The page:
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What Is Dynamic Posturography?

By Rebecca Harkin
Updated Mar 03, 2024
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The assessment of posture control in a changing environment is called dynamic posturography. Balance is maintained through the combined input from the sense of touch through the feet and legs, vision, and the vestibular system, composed of the balance sensing structures in the ear. When one or all of these systems is disrupted, the result is dizziness, instability, and a tendency to fall. Dynamic posturography evaluates these problems, typically using computerized dynamic posturography (CDP), and develops a therapy program aimed at correcting these issues.

Dynamic posturography is used for any patient suffering from dizziness. Before this treatment is prescribed, the dizziness should have been present for more than one year, the cause should be unknown, it should impair or limit walking and standing, or the dizziness should be exacerbated by anxiety over falling. Many clinical studies have shown that dynamic posturography that utilizes CDP and CDP-focused therapy improves dizziness and the instability associated with it.

The three areas tested during dynamic posturography are sensory organization, motor control, and adaptation. During the sensory organization test, the patient’s ability to use and discard sensory information is tested to determine if a patient can use sensory information effectively or performs incorrect adaptive responses. The motor control test evaluates the ability and speed with which a patient can recover stability after a quick or sudden change. An adaptation test checks how a patient controls his sway when confronted by an unpredictable tilt forwards or backward. The reaction of the patient during these tests is the foundation for therapy to improve balance and stability in the needed areas.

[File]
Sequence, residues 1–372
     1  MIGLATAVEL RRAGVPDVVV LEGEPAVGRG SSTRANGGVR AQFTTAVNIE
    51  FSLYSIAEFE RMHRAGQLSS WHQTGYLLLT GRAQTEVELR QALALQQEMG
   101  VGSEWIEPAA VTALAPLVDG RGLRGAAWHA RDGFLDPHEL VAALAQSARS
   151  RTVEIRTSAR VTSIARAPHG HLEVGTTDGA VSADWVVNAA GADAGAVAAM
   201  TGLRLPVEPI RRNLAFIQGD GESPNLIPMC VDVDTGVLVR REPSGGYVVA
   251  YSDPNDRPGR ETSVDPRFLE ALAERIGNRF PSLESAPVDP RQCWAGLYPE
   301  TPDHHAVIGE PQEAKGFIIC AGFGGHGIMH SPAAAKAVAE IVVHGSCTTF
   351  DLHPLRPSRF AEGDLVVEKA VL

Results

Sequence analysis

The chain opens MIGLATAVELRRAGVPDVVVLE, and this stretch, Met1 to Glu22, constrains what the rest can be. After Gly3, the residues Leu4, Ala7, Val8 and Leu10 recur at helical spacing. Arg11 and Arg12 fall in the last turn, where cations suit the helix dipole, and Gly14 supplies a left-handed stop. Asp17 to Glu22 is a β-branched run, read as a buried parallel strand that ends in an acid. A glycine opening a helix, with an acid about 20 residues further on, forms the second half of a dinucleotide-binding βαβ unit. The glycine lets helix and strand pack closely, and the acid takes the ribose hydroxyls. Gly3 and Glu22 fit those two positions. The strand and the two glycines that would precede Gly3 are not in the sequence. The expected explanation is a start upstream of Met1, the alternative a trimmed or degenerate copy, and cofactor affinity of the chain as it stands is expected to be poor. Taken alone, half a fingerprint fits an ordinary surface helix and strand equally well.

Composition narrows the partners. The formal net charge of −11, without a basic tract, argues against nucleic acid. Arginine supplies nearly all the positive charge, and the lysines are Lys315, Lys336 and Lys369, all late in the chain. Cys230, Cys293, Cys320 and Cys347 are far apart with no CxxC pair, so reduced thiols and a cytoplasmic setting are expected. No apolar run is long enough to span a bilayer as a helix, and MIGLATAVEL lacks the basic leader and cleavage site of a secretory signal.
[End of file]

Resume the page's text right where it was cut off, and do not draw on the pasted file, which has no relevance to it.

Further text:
Computerized dynamic posturography is the most widely used diagnostic tool for dynamic posturography. For a CDP evaluation, the patient stands facing inward inside a movable, open-backed enclosure painted with a simple scene to help orient the patient. The foot plate underneath the patient rotates and moves side to side. A life-jacket type harness is placed on the patient and is tethered to supports so that, if balance is lost, the subject will never fall. During an exam, choreographed movements of the enclosure and the footplate challenge the patient’s stability and eliciting a physical reaction.

The patient’s physical movements in response to changes in the footplate and enclosure are recorded during the CDP exam. These recorded movements are later analyzed to evaluate the patient’s balance control. Therapy is designed based on these results. Periodically during the therapy sessions, the patient will be retested on the CDP machine to determine if the balance control is improving or if the therapy needs to be changed. Once performance on the CDP improves to a certain level, the therapy will be stopped.

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